We also uncover additional insights when we explore oil demand through a geographic lens.

We project emerging economies to grow from 53% of oil demand in 2019 to 66% of demand in 2050. In particular, we expect demand from emerging economies excluding China to grow a cumulative 19% by 2050 compared with 2019 levels, while China's demand shrinks 17%. Demand for the United States, Europe, and other advanced economies falls 35%.

China gets a lot of attention from oil markets, reflecting the fact that it accounted for over 40% of oil demand growth from 2000 to 2019. Now, the narrative has flipped as China has leaped to the leading edge on electric vehicle adoption and other trends that will cut into oil demand.

However, we don't expect China's falling demand to be a harbinger for other emerging economies. In particular, China's aggressive push into electric vehicles reflects idiosyncratic motives (namely the desire to dominate the global electric vehicle industry) that are less applicable to other emerging economies. Additionally, we think other emerging economies are less likely to possess the state capacity needed to electrify cars, trucks, and other industries as aggressively as China is now doing.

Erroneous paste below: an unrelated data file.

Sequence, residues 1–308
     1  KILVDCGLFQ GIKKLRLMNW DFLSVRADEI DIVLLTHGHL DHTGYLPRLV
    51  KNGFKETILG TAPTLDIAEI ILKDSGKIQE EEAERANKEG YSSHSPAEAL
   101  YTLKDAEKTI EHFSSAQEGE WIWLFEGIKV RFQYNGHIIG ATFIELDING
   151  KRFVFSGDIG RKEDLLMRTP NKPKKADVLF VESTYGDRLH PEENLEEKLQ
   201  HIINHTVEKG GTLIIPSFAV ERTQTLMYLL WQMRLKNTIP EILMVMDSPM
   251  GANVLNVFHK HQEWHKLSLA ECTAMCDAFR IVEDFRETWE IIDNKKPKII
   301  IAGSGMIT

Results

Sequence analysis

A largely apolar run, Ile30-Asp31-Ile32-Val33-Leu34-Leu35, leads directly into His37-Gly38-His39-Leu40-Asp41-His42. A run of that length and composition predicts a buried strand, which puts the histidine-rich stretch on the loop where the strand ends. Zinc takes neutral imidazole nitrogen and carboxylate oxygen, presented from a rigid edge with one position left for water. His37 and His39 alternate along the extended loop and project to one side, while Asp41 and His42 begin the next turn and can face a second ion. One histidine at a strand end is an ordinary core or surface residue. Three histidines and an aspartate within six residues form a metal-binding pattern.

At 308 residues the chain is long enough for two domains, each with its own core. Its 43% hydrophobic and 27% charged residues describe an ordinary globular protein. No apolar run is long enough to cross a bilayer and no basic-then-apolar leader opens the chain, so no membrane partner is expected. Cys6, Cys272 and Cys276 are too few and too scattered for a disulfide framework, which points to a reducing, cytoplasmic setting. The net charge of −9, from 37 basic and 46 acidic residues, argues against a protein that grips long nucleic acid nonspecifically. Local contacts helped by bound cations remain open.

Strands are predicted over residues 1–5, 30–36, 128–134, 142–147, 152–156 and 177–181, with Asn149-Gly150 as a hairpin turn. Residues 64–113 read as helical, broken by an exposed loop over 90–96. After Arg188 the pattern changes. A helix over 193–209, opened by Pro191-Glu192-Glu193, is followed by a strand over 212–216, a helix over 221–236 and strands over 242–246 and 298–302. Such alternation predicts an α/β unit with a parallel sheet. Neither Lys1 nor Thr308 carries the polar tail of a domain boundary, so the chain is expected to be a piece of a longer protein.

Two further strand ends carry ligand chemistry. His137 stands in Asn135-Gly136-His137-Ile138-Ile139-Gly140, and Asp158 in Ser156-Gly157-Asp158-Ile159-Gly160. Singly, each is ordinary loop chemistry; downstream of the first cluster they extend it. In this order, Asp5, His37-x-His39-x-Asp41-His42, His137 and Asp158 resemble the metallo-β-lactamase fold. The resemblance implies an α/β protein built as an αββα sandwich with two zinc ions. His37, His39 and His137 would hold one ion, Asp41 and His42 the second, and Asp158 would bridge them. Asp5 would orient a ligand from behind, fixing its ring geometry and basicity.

Exhibit 3

Another factor differentiating our views for emerging economies compared with advanced economies is simply gross domestic product growth. Like most economists' forecasts, we expect much faster GDP growth for emerging economies through 2050.

Carbon Policy Will Partly Shape the Future of Oil Demand, but Cost Is More Important

Our framework in this report emphasizes long-run cost trends for potential clean technologies to substitute for oil. By contrast, we think policy changes are less important to determining the future of oil demand. This is for two reasons:

  1. We don't expect very large increases in carbon taxes or other policies that impose massive costs on consumers, as we don't think such policies will be politically palatable in many areas.